Suppressor T Lymphocytes

David R Webb, Cadus Pharmaceutical Corporation, Tarrytown, New York, USA Bruce H Devens, Targeted Genetics Corporation, Seattle, Washington, USA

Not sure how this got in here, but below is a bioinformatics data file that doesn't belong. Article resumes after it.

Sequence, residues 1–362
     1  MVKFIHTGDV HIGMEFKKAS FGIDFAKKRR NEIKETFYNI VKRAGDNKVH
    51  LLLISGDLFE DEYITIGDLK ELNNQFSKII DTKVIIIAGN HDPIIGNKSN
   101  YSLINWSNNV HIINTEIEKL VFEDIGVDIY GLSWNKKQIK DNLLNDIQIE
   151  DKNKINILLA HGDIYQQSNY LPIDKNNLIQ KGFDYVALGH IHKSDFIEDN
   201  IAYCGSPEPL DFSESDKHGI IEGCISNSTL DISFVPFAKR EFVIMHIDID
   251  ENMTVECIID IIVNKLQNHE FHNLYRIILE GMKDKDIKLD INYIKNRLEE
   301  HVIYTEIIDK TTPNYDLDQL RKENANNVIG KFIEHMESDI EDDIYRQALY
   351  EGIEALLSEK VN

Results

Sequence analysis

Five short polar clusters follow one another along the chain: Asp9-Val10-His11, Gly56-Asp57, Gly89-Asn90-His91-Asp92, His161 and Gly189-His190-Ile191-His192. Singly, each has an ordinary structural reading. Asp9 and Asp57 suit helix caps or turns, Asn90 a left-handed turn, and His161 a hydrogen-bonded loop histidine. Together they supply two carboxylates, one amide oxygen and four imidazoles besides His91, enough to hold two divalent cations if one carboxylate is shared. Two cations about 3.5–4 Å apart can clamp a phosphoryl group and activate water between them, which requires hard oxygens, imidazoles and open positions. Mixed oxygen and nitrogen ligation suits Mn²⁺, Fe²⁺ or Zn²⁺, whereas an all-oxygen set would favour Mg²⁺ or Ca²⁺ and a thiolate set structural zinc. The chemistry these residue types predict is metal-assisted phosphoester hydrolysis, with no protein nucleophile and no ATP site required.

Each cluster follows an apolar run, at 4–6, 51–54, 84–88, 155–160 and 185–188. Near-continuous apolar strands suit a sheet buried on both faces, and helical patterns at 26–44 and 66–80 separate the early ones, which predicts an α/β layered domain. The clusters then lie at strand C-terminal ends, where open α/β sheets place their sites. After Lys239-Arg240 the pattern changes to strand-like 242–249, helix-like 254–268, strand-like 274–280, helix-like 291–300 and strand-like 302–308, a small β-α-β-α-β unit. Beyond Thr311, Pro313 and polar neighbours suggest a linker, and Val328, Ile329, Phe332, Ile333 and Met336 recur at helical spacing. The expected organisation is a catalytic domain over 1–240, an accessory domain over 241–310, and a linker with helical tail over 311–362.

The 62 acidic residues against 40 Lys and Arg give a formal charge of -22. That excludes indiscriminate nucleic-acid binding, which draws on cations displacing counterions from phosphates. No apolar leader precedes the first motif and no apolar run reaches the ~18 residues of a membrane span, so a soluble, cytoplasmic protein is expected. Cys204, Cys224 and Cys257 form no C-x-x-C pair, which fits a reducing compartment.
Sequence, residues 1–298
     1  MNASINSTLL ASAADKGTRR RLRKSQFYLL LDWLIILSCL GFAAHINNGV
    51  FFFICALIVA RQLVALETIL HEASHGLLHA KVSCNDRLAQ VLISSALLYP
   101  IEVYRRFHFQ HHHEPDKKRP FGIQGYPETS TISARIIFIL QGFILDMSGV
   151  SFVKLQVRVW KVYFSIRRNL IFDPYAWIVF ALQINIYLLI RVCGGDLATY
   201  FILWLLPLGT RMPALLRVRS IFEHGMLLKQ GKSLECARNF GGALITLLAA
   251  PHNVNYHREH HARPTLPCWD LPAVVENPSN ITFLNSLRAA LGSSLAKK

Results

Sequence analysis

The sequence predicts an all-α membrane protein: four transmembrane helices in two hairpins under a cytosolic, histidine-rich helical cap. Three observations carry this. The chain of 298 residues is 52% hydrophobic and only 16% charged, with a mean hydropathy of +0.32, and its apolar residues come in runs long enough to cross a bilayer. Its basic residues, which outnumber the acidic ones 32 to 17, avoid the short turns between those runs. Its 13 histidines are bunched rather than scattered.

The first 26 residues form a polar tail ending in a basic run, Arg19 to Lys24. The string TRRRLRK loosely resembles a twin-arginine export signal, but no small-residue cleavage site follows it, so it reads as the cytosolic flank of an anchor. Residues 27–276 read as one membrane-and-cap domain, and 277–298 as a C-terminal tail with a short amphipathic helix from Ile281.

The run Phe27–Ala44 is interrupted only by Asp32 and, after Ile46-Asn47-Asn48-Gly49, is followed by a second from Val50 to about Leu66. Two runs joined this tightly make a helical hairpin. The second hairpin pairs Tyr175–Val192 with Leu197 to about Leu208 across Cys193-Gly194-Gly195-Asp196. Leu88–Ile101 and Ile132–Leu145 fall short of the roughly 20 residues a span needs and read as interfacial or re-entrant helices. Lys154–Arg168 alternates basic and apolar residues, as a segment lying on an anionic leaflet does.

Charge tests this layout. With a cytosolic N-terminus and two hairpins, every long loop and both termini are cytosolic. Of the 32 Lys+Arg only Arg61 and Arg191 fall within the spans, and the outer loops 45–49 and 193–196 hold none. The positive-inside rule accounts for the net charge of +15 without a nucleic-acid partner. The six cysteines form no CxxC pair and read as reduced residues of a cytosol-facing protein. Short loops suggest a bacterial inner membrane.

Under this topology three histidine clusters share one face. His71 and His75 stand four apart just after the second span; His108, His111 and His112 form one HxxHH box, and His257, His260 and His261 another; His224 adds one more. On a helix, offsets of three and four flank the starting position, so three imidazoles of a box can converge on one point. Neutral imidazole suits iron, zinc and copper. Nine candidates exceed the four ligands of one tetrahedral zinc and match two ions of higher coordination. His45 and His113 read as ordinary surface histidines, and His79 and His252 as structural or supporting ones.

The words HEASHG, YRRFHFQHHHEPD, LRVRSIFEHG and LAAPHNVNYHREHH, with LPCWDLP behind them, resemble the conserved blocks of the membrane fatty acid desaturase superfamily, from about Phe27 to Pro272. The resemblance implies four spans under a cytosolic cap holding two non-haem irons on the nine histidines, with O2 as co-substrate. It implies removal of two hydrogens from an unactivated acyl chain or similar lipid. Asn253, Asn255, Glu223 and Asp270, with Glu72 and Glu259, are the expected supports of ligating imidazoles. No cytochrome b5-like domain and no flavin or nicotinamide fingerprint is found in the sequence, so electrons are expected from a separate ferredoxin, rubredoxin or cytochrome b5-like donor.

From almost the beginning of immunology as a research discipline, there has been the realization that the immune system must have some way of controlling or preventing antiself (autoimmune) responses. Related to this issue is the question of how the immune response is turned off once a response to antigenic challenge is initiated. In the early 1970s, Gershon, among others, made a remarkable suggestion that there existed cells in the immune system whose purpose was to inhibit the capacity to mount an immune response. These cells he termed 'suppressor cells'. He hypothesized that such cells could explain many of the phenomena that immunologists had observed earlier, such as infectious tolerance, i.e. the ability of T cells tolerant to antigen A to transfer tolerance to antigen A from one host to another without affecting the response to antigen B. For the past 20 years a large number of researchers have been attempting to unravel the complexities of immune regulation and to try to determine whether the ingenious but nonetheless controversial proposal of Gershon, namely the existence of a specific subset of T suppressor (Ts) cells, is valid.

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